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Compassion advert prompts re-think by Pig Farmers

News Section Icon Published 27/03/2009

Recent adverts run by Compassion in World Farming have prompted an encouraging response from the British pig industry. The farming magazine, 'Pig World' has launched a campaign to discourage the use of teeth clipping amongst British farmers.

The stated aim of their campaign is to "improve the image of the pig industry" and is a direct response to Compassion's recent advertising that focussed on teeth clipping - one of the hidden cruelties of modern intensive farming.

Most pigs reared for meat around the world are confined in barren, overcrowded sheds where many never see daylight. Kept on bare concrete or fully slatted floors with no straw for bedding or rooting, they are unable to express their natural behaviour. With nothing for these intelligent, inquisitive creatures to do, they become bored and frustrated and resort to biting each others' tails.

Instead of providing a more stimulating environment, it is common for farmers to dock piglets' tails to reduce injuries from biting. Piglets also often have their teeth clipped shortly after birth to minimise biting injuries to the teats of sows and to other piglets. Like tail docking, this is usually carried out without anaesthetic or pain relief, and can cause lasting pain. The damage caused to teeth also makes them prone to infection. These mutilations are not necessary if pigs are kept in high welfare systems.

This video shows scenes of animal cruelty and tooth clipping filmed undercover in intensive factory farms

Piglet Tooth Clipping

This video shows scenes of animal cruelty and tooth clipping filmed undercover in intensive factory farms, which viewers may find distressing.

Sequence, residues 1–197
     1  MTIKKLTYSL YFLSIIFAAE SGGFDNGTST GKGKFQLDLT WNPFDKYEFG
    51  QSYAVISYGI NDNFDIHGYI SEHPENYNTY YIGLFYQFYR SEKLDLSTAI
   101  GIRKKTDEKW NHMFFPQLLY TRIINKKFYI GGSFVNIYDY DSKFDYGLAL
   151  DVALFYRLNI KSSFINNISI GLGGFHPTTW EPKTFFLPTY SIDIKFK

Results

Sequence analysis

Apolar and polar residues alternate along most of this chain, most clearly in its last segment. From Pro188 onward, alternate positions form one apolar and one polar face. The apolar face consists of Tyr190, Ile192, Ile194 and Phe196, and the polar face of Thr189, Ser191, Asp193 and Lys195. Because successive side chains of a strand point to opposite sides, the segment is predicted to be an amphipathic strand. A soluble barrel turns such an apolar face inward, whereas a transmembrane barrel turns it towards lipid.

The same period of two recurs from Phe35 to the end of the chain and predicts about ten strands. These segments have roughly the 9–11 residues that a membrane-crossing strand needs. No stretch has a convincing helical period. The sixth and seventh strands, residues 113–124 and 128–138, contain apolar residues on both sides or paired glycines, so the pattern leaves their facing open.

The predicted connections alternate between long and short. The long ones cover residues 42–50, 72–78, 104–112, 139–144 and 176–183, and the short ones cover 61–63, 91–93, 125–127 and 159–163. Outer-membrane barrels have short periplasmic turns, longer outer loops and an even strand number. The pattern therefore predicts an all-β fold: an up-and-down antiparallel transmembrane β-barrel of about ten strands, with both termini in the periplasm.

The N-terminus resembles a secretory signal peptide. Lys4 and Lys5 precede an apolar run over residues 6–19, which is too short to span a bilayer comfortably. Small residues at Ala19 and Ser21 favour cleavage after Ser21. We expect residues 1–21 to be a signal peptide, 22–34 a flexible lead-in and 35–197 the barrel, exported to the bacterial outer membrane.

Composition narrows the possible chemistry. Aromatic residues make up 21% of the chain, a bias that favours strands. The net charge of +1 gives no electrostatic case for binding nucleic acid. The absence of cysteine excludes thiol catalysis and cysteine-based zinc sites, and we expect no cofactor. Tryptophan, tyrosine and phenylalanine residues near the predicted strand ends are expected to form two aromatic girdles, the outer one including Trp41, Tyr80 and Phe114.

This is not unusual or extraordinary - just routine practice in intensive pig farms.

Some in the pig industry are now calling for farmers to adopt "teeth grinding" as an alternative to teeth clipping.

"They stopped teeth-clipping in Denmark years ago-but we still do it here because most producers are not prepared to give teeth-grinders a fair chance, even though they are significantly more welfare friendly," said a spokesman for the British campaign.

Compassion believes that all mutilations of farm animals are unacceptable and unnecessary (including teeth grinding) but it is encouraging to see the pig industry accept the fact that animal welfare does need to be improved:

"Teeth grinding is initially more difficult than clipping but is so much more humane because you don't touch the nerve or damage the skin exposing the pig to bacteria and virus."
Industry spokesman

Whilst this is an encouraging response from the pig industry, Compassion will continue to push for an end to all mutilations of pigs, whether these be teeth clipping, teeth grinding, castration or tail docking.

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